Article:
PITTSBURGH -- It's only fitting that a weird week, one that saw three postponements, the first NFL game of the season played on a Wednesday, and a revolving door of players from both teams on the reserve/COVID-19 list, ended with an even weirder game.
Still, just as the Pittsburgh Steelers have done all season, they somehow prevailed with a 19-14 victory to remain undefeated (11-0), narrowly escaping a short-handed Baltimore Ravens team playing with 10 practice squad players and two backup quarterbacks while their reigning MVP signal-caller was on the reserve/COVID-19 list and unavailable.
It was a disjointed week of game-planning with the game first scheduled for Thanksgiving Day, then for Sunday night, then Tuesday night, then Wednesday afternoon -- and the play reflected that.
Steelers receivers dropped five passes -- including three in the red zone in the first half, the most for any team in a game over the past three seasons, according to ESPN Stats & Information research. The five drops were the most for the team in the past 15 seasons, matching games in 2019 against the Rams and 2007 against the Browns.
The offense looked eerily similar to the group that couldn't move the ball without quarterback Ben Roethlisberger a season ago. The Steelers were 2-of-6 on third down in the first half, and the offense couldn't get into the end zone. The problems started early when they elected to go for it on fourth-and-goal from the 2. Throwing under pressure, Roethlisberger was intercepted in the end zone, leaving the Steelers with no points to show for a possession that started when the Ravens fumbled on their first play of the drive and Vince Williams recovered it.
Even though the offense came up empty on that drive, the defense responded by putting points on the board with a 14-yard pick-six of Robert Griffin III by Joe Haden on the ensuing drive. Even Haden's score wouldn't be completely routine, though, as Chris Boswell missed the extra point attempt to give the Steelers only a 6-0 lead.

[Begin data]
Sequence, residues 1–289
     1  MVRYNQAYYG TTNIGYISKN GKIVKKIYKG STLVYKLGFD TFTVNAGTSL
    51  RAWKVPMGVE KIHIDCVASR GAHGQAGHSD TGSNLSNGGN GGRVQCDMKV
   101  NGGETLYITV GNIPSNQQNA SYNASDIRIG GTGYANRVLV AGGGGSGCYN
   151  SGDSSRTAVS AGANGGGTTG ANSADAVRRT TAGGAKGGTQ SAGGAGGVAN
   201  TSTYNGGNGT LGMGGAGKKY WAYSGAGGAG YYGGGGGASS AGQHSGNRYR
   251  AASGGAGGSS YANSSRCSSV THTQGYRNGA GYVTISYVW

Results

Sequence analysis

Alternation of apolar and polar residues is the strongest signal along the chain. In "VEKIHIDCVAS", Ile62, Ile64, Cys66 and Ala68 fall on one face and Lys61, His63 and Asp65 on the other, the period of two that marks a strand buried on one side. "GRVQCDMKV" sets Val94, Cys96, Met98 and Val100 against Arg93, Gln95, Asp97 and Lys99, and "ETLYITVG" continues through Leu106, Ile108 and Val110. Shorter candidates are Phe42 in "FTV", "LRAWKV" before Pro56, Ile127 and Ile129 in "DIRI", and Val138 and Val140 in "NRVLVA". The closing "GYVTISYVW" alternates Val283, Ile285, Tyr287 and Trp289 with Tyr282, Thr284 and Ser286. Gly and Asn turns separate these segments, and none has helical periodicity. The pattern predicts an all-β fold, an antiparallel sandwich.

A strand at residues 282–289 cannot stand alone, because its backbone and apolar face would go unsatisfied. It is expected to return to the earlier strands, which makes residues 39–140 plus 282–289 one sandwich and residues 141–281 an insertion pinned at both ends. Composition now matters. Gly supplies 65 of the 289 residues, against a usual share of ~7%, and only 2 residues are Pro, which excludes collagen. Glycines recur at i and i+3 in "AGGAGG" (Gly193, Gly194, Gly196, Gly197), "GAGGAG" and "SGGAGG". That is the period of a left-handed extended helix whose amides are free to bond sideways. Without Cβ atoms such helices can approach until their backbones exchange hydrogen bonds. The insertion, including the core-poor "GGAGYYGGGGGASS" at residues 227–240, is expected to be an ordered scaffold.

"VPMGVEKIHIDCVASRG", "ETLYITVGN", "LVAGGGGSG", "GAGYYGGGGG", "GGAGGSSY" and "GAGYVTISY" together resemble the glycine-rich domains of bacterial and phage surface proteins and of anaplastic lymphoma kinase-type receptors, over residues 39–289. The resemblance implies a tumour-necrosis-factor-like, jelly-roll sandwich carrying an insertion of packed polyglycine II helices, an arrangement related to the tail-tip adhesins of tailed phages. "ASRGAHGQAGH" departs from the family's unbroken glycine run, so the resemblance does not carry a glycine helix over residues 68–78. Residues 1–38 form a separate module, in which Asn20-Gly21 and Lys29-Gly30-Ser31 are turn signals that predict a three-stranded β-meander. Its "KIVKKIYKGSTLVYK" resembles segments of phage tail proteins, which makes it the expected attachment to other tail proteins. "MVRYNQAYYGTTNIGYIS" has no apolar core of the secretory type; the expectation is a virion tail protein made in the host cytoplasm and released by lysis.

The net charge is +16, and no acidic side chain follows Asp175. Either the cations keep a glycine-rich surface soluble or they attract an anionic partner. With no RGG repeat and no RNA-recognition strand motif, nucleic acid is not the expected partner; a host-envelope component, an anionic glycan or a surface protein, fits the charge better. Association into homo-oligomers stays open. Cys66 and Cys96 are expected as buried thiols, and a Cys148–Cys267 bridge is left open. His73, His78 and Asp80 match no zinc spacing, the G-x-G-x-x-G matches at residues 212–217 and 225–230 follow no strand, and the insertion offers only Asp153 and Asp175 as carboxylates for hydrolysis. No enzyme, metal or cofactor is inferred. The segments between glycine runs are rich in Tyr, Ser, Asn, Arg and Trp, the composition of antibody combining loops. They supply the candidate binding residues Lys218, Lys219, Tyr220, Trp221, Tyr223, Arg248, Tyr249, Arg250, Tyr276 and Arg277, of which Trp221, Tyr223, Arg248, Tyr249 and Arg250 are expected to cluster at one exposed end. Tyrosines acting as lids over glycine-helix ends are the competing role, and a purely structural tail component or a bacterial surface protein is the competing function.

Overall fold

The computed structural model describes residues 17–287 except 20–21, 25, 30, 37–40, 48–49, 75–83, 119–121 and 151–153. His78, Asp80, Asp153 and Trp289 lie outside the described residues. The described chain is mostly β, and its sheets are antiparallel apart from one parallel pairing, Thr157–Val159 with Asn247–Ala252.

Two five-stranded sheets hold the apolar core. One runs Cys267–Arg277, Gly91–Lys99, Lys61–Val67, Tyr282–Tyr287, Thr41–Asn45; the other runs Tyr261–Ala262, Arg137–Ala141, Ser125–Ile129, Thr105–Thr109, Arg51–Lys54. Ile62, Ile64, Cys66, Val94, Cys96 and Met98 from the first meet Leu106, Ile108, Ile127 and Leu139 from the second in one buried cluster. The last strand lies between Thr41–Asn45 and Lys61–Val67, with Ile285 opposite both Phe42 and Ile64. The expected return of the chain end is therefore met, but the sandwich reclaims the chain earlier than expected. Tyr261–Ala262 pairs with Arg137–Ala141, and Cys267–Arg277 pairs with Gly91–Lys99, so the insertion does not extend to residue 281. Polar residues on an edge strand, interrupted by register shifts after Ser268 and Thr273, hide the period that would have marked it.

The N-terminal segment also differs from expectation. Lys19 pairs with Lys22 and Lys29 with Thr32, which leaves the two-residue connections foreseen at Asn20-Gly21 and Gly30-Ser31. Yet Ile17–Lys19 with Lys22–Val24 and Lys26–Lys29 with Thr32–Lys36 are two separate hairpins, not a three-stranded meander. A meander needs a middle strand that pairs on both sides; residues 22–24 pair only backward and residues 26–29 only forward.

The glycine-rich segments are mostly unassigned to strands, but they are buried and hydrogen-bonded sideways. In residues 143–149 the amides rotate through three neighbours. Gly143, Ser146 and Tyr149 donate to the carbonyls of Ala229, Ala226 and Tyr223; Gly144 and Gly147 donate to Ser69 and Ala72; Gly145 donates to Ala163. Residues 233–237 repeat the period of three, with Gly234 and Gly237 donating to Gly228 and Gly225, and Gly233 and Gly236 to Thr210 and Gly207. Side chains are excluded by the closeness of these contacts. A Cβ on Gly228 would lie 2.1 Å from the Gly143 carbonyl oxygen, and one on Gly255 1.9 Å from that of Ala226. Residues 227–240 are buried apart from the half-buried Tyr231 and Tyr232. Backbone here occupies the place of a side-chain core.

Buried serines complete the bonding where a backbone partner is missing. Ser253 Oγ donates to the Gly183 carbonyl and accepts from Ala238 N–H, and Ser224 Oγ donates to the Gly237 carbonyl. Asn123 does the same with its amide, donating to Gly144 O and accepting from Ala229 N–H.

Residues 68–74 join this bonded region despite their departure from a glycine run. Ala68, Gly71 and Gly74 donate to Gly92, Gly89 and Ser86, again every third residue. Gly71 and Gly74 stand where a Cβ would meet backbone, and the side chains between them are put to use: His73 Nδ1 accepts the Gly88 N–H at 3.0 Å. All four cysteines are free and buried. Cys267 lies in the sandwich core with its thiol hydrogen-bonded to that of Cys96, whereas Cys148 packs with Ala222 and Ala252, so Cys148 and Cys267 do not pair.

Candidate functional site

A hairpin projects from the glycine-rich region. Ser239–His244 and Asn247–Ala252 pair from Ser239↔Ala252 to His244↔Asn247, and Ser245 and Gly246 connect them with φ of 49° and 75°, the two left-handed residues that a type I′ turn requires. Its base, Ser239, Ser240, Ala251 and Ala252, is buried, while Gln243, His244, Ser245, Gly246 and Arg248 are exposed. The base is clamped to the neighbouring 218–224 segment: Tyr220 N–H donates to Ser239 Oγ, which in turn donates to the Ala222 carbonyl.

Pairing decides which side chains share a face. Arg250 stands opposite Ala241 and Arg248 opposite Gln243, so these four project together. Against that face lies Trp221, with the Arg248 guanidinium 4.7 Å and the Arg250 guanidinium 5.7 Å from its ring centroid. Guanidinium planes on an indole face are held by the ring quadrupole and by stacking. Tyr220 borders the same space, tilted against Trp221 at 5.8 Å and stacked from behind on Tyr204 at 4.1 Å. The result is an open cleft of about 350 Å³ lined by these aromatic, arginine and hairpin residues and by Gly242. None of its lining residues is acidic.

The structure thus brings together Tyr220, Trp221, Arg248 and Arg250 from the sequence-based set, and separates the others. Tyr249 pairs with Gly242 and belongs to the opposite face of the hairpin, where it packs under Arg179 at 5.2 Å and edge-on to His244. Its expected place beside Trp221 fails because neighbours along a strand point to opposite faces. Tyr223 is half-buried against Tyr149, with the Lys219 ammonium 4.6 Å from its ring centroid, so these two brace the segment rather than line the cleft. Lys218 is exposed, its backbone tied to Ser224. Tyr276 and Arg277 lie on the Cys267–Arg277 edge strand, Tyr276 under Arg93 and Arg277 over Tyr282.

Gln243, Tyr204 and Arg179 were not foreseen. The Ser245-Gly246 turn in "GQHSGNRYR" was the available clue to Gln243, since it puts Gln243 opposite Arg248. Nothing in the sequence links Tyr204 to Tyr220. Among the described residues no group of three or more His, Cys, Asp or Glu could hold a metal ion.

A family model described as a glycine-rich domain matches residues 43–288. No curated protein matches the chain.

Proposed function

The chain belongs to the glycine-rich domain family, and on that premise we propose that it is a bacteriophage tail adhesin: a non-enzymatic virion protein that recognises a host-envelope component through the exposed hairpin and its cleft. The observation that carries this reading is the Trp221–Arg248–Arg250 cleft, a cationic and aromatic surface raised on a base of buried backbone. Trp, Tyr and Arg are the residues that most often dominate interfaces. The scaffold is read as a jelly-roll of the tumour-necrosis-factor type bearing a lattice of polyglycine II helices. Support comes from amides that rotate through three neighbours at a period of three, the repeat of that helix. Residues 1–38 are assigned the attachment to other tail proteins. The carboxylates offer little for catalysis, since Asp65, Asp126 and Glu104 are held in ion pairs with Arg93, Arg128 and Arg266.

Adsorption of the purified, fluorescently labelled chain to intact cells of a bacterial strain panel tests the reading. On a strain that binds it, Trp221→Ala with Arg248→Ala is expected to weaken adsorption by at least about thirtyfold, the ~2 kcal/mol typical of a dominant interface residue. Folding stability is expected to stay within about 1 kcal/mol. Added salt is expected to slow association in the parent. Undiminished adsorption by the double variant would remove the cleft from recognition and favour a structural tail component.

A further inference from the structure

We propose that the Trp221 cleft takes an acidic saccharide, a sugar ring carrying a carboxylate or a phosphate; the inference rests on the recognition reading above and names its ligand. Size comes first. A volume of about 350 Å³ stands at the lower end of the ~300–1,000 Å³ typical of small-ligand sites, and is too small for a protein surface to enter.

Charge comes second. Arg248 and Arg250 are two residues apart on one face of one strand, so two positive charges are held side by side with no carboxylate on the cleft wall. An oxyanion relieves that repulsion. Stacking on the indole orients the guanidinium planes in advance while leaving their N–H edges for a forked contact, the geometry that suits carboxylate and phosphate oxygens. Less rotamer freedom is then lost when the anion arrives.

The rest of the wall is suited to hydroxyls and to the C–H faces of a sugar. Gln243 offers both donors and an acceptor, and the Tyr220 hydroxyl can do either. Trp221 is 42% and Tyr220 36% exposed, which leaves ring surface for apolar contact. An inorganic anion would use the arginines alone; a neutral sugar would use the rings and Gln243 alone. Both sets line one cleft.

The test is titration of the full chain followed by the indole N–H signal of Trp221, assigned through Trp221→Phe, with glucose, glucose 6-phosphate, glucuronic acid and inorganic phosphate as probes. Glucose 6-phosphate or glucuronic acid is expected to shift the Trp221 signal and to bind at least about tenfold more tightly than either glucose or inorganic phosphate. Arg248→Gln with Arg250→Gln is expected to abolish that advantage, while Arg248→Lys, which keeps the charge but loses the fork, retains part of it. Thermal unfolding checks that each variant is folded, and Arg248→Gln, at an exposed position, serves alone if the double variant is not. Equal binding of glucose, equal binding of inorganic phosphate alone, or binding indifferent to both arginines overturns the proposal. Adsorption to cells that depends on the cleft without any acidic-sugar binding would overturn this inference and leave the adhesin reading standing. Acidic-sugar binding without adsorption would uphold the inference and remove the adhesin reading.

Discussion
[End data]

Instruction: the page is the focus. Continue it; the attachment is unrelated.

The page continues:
With sacks from Cameron Heyward and T.J. Watt, the Steelers' defense kept them ahead for most of the game. But they gave up a 70-yard score on a pass from Trace McSorley to Marquise Brown late in the fourth quarter to pull the Ravens to within five.
After Brown's score, the Steelers were on the verge of giving the ball back to the Ravens when Roethlisberger completed a 16-yard pass to James Washington in traffic on third down. Despite triple coverage, Washington hauled in the pass and held on to it. Running back Benny Snell, taking the majority of the reps with James Conner on the reserve/COVID-19 list, followed it up with a 13-yard carry. Snell ran the ball three more times to pick up another first down and allow the Steelers to kneel out the rest of the clock.
Though they pulled off an improbable win out of a sure-thing victory, the Steelers won't be getting back to normal anytime soon. The Steelers have a short week to prepare for the Washington Football Team on Sunday.
QB breakdown: Roethlisberger completed 36-of-51 passes for 266 yards with one touchdown and an interception, but his numbers could have been much better if not for the five drops by by his receivers. Roethlisberger and the offense struggled mightily in the red zone, scoring zero touchdowns on their first three red zone drives. They scored a TD on 69% of their red zone drives entering the game, seventh best in the NFL, according to ESPN Stats & Information. The three red zone drives without a TD matches their most in a game this season.
Silver lining: When the Steelers needed a stop, they got one from Watt, the cornerstone of their defense. Clinging to a five-point lead in the third quarter, Watt had a tackle for loss of Gus Edwards on third down to end the Ravens' first drive of the second half. He picked right up where he left off of Baltimore's next possession, sacking Griffin as he came in untouched on second down for a loss of nine yards. That helped force the Ravens to punt for the second time in the quarter. Watt's sacks helped extend the Steelers' sack streak to 68 games. One next week would match Tampa Bay's record of 69 set in 2003.
Pivotal play: Sitting on the 1-yard line with seconds evaporating off the game clock before half, the Ravens ran Edwards up the middle toward the end zone. Edwards, though, didn't gain any ground as Chris Wormley and Terrell Edmunds brought him down. Without a timeout to stop the clock, the Ravens had less than 26 seconds to run another play before half. The Steelers were slow to get up, stalling as the reset. What resulted was a frenzied final throw from Griffin on third down that nearly resulted in a touchdown to tight end Luke Wilson. But as he's done frequently this season, safety Minkah Fitzpatrick made the clutch play in the end zone to break up the pass and preserve the Steelers' 12-7 halftime lead.